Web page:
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Gay rights leader
barred from speaking at Millions More event

Gay rights leader
barred from speaking at Millions More event

Keith_boykin_0

After being promised he'd be allowed to address the massive crowd at Saturday's Millions More March in Washington, D.C., gay activist Keith Boykin was turned away before he could utter a word.

After being promised he'd be allowed to address the massive crowd at Saturday's Millions More March in Washington, D.C., gay activist Keith Boykin was turned away before he could utter a word. Boykin, president of the National Black Justice Coalition, was prevented from speaking by the Reverend Willie F. Wilson, the march's national executive director. According to Boykin, this came after Wilson and Nation of Islam leader Louis Farrakhan promised Boykin a spot on the event's schedule as part of an inclusive march that was to incorporate gays, women, and whites. Boykin said members of the NBJC had met with Farrakhan and Wilson on Wednesday, and an agreement had been made for Boykin to speak during the Unity Tapestry section of the program. After heated exchanges in the VIP tent Saturday morning, Wilson let it be known that no one from the NBJC would be speaking that day, Boykin said. The offer was rescinded because Wilson was furious about angry calls and letters he received for writing earlier this year about a supposed "epidemic" of lesbianism among young black females, Boykin said. Wilson told The Washington Post, "[Boykin] straight-out lied. There were certain conditions that he had to meet in order to speak, and he did not."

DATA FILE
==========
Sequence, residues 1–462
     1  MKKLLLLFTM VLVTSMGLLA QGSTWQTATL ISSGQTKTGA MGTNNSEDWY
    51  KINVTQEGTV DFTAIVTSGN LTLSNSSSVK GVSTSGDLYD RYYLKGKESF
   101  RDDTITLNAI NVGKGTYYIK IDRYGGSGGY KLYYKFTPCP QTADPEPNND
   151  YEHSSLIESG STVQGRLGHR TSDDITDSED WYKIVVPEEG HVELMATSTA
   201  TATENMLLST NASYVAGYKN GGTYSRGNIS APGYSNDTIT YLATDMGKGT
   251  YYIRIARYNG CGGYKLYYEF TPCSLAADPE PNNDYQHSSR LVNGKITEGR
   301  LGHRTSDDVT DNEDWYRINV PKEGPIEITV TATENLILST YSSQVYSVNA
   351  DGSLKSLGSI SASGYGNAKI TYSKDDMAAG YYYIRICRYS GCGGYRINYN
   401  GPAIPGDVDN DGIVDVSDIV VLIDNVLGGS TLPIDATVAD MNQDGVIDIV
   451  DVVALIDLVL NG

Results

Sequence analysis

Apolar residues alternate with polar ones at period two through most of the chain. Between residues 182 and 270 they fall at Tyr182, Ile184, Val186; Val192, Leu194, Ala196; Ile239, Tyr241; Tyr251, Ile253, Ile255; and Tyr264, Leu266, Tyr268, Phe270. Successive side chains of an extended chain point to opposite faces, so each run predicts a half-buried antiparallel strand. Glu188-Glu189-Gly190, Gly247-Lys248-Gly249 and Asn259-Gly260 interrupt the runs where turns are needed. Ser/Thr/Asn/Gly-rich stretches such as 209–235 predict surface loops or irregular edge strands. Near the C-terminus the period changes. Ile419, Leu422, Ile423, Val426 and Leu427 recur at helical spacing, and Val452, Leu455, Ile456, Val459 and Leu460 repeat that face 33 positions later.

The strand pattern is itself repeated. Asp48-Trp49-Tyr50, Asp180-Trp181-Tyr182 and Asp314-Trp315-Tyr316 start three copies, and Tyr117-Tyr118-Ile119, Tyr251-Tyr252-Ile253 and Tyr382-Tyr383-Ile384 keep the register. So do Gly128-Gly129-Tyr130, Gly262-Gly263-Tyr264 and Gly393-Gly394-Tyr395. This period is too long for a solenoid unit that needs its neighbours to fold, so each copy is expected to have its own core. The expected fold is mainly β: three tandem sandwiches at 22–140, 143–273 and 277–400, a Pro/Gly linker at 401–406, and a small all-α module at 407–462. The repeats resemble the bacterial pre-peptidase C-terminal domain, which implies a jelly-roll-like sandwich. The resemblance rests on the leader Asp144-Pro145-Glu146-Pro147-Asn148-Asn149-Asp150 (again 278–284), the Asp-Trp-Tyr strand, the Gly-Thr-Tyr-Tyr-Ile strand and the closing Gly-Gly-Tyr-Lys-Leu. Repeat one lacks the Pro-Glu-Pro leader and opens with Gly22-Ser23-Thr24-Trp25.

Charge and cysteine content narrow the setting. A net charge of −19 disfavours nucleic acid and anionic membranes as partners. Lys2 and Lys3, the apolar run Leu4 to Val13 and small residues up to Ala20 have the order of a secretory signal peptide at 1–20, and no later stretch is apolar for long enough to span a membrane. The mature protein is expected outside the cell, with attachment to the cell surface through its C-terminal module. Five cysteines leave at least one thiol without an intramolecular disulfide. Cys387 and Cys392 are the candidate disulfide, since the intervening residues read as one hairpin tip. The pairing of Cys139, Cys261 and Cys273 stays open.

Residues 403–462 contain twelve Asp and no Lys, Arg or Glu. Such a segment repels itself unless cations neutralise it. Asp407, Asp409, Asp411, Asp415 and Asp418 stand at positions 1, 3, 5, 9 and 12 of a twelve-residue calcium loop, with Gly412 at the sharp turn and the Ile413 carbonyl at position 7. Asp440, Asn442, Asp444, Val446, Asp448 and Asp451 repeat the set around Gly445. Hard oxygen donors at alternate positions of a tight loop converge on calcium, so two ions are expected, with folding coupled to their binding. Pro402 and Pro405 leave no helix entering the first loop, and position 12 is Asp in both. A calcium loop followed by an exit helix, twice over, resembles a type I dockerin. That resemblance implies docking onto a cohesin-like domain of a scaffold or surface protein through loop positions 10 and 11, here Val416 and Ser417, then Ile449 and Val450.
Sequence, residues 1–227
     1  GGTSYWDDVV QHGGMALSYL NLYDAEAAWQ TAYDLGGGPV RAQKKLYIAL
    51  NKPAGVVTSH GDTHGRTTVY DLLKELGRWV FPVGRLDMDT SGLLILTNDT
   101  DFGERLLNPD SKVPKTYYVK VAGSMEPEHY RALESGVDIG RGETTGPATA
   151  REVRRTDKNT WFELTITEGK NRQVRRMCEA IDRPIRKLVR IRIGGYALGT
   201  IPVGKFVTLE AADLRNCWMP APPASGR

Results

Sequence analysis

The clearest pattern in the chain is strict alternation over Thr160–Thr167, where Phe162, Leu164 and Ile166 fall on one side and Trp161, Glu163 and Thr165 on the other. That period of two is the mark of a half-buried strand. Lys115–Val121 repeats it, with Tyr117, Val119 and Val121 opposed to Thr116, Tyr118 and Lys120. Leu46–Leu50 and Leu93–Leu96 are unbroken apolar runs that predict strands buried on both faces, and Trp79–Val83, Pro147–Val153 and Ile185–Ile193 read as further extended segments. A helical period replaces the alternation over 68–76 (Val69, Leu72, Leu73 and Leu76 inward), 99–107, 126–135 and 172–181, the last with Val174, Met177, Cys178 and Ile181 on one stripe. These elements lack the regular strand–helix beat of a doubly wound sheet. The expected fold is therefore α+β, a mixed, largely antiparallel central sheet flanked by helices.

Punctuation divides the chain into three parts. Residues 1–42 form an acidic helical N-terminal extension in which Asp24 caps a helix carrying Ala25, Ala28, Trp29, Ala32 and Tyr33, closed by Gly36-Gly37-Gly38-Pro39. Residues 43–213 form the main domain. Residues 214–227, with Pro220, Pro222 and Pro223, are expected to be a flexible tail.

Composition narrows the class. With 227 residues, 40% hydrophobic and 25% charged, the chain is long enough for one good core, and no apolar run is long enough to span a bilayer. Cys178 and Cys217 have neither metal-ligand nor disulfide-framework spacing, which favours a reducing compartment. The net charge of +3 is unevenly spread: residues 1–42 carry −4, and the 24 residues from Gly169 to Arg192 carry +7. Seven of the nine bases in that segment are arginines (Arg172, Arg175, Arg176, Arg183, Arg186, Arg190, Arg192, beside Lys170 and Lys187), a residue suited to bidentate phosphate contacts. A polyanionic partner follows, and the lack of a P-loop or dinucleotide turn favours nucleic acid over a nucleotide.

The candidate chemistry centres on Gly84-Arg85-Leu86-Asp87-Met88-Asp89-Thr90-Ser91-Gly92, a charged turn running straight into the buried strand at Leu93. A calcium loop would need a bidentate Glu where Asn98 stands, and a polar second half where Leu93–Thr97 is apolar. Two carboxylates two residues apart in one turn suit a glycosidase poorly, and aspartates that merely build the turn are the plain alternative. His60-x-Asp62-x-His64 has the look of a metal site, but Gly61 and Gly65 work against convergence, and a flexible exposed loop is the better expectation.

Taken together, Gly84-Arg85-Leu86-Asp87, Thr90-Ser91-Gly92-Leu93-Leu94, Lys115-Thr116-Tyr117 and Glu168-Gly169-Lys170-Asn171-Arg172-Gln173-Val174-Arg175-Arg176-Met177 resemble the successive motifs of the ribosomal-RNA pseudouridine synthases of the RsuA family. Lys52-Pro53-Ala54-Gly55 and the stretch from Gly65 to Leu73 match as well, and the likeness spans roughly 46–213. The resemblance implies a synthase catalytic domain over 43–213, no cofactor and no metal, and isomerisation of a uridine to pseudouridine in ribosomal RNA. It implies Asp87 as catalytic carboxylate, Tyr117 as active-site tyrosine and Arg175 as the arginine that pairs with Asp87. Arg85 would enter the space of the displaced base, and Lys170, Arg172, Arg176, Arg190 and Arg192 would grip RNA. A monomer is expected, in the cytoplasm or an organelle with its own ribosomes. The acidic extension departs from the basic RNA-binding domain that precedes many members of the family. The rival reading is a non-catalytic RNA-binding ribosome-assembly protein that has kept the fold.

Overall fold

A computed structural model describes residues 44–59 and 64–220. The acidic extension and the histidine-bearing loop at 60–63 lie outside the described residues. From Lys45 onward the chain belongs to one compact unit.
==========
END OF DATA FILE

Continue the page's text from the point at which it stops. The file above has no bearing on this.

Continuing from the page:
On Monday, Boykin wrote about the experience on his blog and took aim at Wilson. "Ever since his controversial July 3 sermon in which he blamed the rise of lesbianism for the problems in the black community, Rev. Wilson seems to have developed ill feelings toward the black gay community for responding to his attack," Boykin wrote. "That was three months ago, and I had hoped to use my speech today to extend an olive branch to Rev. Wilson to move beyond our differences and heal our wounds, but his actions this morning made that impossible. Today I am publishing the remarks I would have given at the Millions More Movement March had I been allowed to speak." In response to Boykin's being turned away, gay leaders on Saturday led a protest in Washington of the Millions More March. "There is no way we're going to come together as a community if people are shut out," said Alexander Robinson of the National Black Justice Coalition. "Minister Farrakhan has previously kept his word while Reverend Wilson has been anything but cooperative. Regardless of who's responsible, it's time for someone to step up and say 'Enough.' " "The march's goal was unity, but the result was division," said Donna Payne, senior diversity organizer for the gay rights group Human Rights Campaign and a participant at the October 12 meeting. "Minister Farrakhan and Reverend Willie Wilson went back on their word this weekend. It's past time for us to speak the truth, and that means being honest about the diversity within the African-American community. We're owed an apology." The Millions More March was intended as a 10th anniversary celebration of the Million Man March as well an effort to launch a long-term movement tackling racial injustice and poverty. (Neal Broverman, Advocate.com)

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